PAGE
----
Yates County, New York
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La Fayette MERRIT
from History of Yates Co., by L. C. Aldrich,
La Fayette - John MERRITT was
a worthy man, and one of the earliest settles in the wilderness which
skirted Crooked Lake. He came
with his family, La Fayette then being less than a years old, in 1825,
from Dutchess County, and purchased a large tract of land, which in a few
years he converted into a splendid farm.
Here in the town of Jerusalem the child grew to manhood and
occupied a part of the homestead while he lived.
As a boy, he was bright, industrious, temperate and trustworthy,
and grew to be a man of integrity, sound judgment and excellent habits.
He had a relish for farming, and consequently became skillful in
handling soils, stock, fruit trees and vines and not only made a good
living but accumulated a comfortable property.
He had an eye to beauty as well as profit and surrounded and
decorated his home with many attractive features.
His moral sense early led him to enter upon a Christian life and to
espouse whatever reforms engaged public attention.
When only eleven years of age he united with the Wesleyan Methodist
Church, composed of radical abolitionists and temperance people, and
thenceforth allowed no occasion to pass without giving his testimony
against both slavery and intemperance.
He remained a member of this church until slavery was abolished and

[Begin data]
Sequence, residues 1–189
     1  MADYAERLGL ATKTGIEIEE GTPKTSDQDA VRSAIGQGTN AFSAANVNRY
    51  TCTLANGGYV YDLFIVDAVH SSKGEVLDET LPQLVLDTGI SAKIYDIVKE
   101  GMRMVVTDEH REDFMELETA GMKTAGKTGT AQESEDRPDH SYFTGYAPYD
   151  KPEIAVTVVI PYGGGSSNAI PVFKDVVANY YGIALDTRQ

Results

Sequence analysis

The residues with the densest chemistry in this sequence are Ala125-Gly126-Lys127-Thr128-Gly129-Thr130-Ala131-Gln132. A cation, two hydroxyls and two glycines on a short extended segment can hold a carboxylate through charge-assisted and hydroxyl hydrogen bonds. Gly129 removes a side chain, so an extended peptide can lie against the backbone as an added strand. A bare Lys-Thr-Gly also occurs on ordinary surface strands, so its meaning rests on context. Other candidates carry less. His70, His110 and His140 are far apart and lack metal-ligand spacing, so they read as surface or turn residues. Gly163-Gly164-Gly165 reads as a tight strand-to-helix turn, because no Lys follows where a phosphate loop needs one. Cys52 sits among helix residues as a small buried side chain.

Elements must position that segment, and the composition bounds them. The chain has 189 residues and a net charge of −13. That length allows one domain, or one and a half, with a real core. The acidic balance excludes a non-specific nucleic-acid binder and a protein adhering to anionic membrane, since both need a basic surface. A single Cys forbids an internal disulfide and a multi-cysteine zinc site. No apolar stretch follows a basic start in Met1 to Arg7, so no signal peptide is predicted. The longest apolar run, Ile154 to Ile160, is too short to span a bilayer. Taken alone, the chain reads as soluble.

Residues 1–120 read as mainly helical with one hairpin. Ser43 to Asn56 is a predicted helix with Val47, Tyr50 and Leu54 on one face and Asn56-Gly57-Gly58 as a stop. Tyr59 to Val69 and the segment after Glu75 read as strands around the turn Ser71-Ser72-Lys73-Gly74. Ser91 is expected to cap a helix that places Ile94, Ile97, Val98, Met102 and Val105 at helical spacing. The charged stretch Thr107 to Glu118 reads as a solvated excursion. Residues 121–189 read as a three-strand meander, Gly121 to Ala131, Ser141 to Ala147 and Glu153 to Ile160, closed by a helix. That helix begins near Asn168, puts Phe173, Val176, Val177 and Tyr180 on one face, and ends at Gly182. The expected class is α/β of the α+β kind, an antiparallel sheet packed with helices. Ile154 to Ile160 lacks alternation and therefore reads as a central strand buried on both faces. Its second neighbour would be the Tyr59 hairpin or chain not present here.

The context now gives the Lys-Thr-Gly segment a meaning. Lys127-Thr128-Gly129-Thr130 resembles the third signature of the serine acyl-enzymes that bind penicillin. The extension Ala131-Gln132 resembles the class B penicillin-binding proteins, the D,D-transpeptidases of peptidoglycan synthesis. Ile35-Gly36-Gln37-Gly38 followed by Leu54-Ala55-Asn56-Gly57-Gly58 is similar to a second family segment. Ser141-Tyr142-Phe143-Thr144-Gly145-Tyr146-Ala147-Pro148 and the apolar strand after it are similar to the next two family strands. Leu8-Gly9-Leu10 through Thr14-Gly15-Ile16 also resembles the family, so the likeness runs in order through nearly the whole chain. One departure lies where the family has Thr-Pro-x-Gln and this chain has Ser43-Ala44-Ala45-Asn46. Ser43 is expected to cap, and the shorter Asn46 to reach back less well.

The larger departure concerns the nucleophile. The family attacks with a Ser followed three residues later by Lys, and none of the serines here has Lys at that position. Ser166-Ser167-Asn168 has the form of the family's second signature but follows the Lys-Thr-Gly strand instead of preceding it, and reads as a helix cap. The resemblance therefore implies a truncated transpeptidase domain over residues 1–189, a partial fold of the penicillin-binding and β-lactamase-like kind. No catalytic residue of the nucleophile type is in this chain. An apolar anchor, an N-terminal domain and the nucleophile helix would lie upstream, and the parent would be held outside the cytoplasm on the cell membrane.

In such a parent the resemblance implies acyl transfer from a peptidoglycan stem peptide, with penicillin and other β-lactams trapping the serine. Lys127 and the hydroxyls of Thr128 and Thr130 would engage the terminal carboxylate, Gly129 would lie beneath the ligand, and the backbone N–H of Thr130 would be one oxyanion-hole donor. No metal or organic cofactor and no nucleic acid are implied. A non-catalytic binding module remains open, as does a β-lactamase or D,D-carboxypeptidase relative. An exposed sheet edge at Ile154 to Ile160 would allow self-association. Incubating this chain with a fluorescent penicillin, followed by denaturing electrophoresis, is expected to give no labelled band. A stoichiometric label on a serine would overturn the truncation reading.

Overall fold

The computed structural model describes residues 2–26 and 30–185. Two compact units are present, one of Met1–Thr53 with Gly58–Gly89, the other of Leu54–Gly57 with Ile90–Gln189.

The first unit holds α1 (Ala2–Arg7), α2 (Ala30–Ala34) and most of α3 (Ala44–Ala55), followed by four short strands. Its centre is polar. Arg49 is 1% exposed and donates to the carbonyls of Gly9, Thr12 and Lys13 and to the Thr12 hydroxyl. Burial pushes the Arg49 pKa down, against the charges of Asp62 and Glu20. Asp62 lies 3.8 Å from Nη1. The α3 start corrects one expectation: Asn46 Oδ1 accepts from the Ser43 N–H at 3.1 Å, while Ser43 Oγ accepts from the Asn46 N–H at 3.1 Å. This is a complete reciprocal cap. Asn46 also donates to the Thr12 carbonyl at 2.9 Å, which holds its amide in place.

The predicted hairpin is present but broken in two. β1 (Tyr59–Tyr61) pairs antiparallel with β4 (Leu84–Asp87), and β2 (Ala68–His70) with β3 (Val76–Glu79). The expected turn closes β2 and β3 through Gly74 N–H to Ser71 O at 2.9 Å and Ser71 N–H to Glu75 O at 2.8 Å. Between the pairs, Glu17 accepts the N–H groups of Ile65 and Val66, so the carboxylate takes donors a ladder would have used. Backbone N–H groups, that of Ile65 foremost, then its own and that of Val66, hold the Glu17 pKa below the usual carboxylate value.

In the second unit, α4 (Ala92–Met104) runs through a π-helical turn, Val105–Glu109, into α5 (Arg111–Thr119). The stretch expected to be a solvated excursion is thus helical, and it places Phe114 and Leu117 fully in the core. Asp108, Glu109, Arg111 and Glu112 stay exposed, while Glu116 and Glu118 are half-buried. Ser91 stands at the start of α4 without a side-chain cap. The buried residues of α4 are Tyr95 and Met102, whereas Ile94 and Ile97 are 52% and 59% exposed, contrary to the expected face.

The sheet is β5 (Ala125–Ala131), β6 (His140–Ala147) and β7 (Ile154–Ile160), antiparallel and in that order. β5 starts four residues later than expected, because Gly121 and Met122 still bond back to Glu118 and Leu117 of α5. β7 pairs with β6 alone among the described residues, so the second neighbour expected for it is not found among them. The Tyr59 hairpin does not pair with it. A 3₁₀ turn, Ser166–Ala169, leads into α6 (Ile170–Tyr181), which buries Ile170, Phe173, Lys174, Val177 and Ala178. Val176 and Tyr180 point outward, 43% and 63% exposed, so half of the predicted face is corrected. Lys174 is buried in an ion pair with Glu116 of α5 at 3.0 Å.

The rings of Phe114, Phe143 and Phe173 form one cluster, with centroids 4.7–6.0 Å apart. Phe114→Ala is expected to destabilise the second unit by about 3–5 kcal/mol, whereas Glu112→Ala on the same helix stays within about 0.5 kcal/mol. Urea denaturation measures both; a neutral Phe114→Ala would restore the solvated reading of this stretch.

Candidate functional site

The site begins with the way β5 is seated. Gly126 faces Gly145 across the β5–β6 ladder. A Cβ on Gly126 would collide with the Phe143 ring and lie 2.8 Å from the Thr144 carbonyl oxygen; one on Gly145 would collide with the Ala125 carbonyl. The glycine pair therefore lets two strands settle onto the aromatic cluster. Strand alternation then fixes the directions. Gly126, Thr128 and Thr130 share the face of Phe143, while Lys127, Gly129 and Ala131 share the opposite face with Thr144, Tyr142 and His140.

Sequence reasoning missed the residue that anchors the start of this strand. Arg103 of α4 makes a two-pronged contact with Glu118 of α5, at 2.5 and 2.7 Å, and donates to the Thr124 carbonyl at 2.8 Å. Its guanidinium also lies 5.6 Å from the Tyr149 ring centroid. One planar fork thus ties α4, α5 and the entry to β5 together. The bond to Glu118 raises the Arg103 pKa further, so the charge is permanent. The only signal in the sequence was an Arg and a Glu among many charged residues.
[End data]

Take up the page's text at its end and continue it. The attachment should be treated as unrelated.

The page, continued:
the church was disbanded, when he united with the Methodist Episcopal
Church in Penn Yan, of which he remained a consistent member until his
34 years of age he was united in marriage with Miss Hannah
BENNETT, of Milo, who, with one son, survives him, occupying the homestead
he did much to beautify, and enrich with comforts.
Mr. MERRITT was instinctively honest, honorable and kind, and frowned upon all injustice, oppression and coarseness in speech or conduct. Vulgarity and rudeness he loathed and sharply rebuked. His word was as good as his bond and his honor above reproach. He had a lively taste for the beautiful and orderly, and impressed his ideas and feelings upon his farm, vineyards and residence. Whatever promised good to society, especially to the young, was sure of his warm support. When it was proposed to found a college on the shore of Lake Keuka, near his home, where the youth of both sexes should be educated at a cost within the reach of those in moderate circumstances, he entered into the scheme with enthusiasm, devoting both time and money to give it success. Every thing said or done by his neighbors to promote the enterprise gave him pleasure, and whatever occurred which tended to obstruct or hinder the work distressed him. Indeed he was so sensitive to all social and political events as to render them largely personal to himself. Whatever was calculated to benefit humanity delighted him and all harmful things caused him pain, down to the close of his life, which came on the 22nd day of April, 1891.
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